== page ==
You don't say if the issue was ever resolved or if you are still 100% IU or if they took all that money from you. Later you say you "can only guess" at why the VA is taking (you call it "asking") another $3.034.00 from you. Since you used a period rather than a comma to separate the numbers, I don't know if the VA is taking three dollars and thirty four cents or thirty thousand plus dollars this time. I know that many don't believe in spelling and punctuation...I'm one of the dinosaurs who try to get it correct each time. A little error like that can have huge repercussions down the road.

While I'm sure that your intentions are good and that you mean well and you want to help other veterans, your email reinforces the reasons I caution veterans to choose a VSO very carefully. Each and every word you wrote to me defined the wrong way to handle your compensation benefit, both before and after it was threatened. Rather than abiding by the rules, you wing it with some buddy at an office 1000 miles from home. The rest of your story goes quickly downhill from there.

(Sigh)

There are moments when I wonder why any RSVR would want the job of sorting out issues of veterans who want monetary compensation for their slightly red eyes and who may be represented by volunteer service officers who don't seem to understand the system. Today I stand in sympathy for the VA RSVR employee who may have to encounter all this.

I feel for you brother.
Letter:
Jim,
Can you look at this VA Decision. I do not understand why on the same exam he said septum midline and septum deviated.....however I was claiming a deviated septum. Then I had an ENT exam 7 months after this C&P and he said "septum is straight" I've gone round and round.........If in 2003 I had septoplasty (sinus surgery) and retired 12/31/2003 prior to this I had sleep apnea symtpoms and my doctor said "consider sleep study "

I am approved for allergic rhinitis at the goose egg 0. I asked my sleep doctor about OSA and he said "many patients have it for years before it is every diagnoses", when I asked him if I could have had it while on active duty he said "yes" when I asked if I could get this documented or an IMO he did not say a word and wrapped this up. But with his write up he said "primarly on the basis of excessive body weight with contributions from nasal obstruction and mandibular retrodisplacement" The weight I can support having spinal issues, being on "serval physcial profiles because of this condition c5-c6" per the VA Rating decision.

I also had steriod shots for my c5-c6 problem, I am rated at 10 for this. I don't know if these series of 3 shots can cause weight gain or not. Is there any cance getting this approved of weight (because weight was noted while on active duty of "gain" and I went to weight management), I never had a problem with my weight before, they can look thru my record.........not a problem, until 2000-2003. I had these marks on me that a doctor thought were spider bites..........the treated for 4 days, I went back because of bad bad pain, I couldn't raise my hand, I was moving from my apartment to my home and was in tears because I could not clean. We the other doctor said it was shingles............he also said since I was on a steriord (prednosone) vs. the correct treatment of antibodic that I would have to get past thisso he game me like 20 prednosone to taper off, he did give me tylenal#3 for my pain........this was horrible but it did end.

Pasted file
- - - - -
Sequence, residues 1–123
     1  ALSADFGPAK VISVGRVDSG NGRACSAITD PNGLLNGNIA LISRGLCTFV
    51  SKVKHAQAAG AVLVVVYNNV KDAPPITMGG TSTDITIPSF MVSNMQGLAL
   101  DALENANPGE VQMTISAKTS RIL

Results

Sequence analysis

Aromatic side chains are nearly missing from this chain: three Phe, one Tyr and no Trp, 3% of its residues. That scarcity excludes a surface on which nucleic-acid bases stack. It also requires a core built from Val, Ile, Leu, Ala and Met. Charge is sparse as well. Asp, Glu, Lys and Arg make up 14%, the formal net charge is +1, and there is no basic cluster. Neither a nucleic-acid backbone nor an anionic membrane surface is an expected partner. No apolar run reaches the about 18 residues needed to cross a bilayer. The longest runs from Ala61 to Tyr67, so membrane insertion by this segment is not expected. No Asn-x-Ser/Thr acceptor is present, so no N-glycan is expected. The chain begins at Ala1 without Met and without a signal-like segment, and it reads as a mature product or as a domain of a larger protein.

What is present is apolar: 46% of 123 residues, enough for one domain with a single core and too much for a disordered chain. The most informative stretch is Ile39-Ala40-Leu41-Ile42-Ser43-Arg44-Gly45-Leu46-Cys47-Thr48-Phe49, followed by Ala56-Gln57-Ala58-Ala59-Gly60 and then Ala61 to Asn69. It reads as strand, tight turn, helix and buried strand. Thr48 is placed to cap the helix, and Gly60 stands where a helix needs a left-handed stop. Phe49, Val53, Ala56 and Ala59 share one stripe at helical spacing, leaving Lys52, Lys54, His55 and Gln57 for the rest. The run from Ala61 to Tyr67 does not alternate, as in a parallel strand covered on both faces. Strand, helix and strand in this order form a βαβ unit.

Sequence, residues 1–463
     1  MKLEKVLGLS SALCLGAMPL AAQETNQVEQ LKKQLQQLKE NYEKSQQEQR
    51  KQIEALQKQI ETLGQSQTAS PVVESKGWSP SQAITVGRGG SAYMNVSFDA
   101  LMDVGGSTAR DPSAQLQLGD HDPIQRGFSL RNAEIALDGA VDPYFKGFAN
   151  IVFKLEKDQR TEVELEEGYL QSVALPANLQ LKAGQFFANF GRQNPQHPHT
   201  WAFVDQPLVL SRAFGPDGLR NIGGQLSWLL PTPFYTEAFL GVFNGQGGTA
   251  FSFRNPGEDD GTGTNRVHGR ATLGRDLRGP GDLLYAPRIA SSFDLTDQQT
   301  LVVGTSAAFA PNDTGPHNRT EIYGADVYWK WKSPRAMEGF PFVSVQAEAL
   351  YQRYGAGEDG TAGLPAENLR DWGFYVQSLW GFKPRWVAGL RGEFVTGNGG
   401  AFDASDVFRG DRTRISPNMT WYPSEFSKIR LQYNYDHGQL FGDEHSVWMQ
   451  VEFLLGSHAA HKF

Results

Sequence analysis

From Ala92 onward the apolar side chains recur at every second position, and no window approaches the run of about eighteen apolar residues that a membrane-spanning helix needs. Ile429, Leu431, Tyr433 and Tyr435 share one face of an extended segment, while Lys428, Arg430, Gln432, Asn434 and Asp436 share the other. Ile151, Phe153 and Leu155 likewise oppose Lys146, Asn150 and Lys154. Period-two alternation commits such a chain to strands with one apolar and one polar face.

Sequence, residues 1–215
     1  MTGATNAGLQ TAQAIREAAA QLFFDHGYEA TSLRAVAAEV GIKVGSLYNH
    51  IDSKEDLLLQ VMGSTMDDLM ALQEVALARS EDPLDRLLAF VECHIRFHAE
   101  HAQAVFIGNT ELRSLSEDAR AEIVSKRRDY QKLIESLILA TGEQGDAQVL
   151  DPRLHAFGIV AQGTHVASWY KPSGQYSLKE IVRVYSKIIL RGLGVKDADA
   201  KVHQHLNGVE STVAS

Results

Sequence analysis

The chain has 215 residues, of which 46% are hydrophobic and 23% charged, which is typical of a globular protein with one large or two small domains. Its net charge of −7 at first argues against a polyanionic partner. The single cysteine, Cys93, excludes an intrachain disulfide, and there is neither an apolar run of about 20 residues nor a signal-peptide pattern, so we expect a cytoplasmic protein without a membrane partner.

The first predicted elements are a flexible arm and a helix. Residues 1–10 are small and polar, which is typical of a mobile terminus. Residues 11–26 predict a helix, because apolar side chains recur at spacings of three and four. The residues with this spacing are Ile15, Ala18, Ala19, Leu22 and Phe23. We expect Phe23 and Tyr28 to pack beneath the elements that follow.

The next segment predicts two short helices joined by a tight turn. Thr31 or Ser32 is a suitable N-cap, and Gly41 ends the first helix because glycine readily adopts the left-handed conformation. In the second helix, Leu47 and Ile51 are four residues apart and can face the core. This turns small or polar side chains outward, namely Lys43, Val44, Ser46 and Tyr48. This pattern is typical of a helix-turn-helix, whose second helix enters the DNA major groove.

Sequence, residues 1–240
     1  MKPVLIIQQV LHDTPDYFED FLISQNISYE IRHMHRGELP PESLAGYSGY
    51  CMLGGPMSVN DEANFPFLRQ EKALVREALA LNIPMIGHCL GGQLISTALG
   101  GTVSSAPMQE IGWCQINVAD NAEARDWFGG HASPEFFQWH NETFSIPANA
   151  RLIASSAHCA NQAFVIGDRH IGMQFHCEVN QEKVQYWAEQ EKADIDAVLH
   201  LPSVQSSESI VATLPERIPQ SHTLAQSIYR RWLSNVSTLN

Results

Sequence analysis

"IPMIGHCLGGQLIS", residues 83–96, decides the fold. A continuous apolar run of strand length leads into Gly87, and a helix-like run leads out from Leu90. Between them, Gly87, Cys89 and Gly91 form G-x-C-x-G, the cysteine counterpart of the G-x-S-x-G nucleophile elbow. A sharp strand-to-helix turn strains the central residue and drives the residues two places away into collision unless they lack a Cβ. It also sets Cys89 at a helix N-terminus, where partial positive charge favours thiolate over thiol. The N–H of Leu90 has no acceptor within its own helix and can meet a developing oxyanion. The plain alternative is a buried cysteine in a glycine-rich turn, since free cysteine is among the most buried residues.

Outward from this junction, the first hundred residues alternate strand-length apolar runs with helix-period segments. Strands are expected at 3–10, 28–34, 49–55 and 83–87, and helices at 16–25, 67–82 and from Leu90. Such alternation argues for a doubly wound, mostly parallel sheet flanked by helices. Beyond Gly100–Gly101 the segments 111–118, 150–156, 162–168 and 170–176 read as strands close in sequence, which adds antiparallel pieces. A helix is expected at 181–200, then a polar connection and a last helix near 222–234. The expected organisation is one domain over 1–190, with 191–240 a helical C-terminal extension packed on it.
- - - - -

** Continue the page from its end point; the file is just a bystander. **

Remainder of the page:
I'm trying to work with what I have in my SMR because I don't have the money to pay for these advocates and really confused on how I can get anywhere with the dcotor once they say this. I don't really see this doctor anymore because I am on Tricare Prime he only was to read my sleep study and get my CPAP.

Also do you know what "SAA" is when they did my septoplasty surgery they put preop and post opp SAA.


Reply:
SAA...
http://en.wikipedia.org/wiki/Serum_amyloid_A

"Deviated" may refer to a communication through the septum...it can be deviated but still straight or midline.

I don't see the service connection for most of your complaints. I also don't see the "disability". It appears that VA believes that you're gaming the system for monetary benefits. I agree.

Your conditions are marginal and the sort of thing that most wouldn't consider disabling. You snore...most of us do, particularly if we are obese. Allergies are a fact of life. Your back probably hurts because of your marked obesity.

I've previously offered you good advice and you're continuing to beat the system for more money for some very minor complaints. I remind everyone that just because you have a given condition doesn't mean that you have a disabling condition. If you have "Allergic Conjunctivitis" join the crowd. My eyes get red with pollen, smog and dust but that hardly rises to a level of being disabling and the fault of my military service.

I agree with the VA's denials. A small scar on your leg from the removal of a cyst doesn't get you much sympathy from me.

To pursue your complaints in the future interferes with the processing of benefits for a deserving veteran. While you worry about your red eyes and that little scar on your leg, another veteran awaits adjudication with a serious disability he acquired on duty .

If you continue, eventually someone at VA will reexamine your existing benefits and you'll risk a reduction. I advise you to drop it until you have more serious issues than these.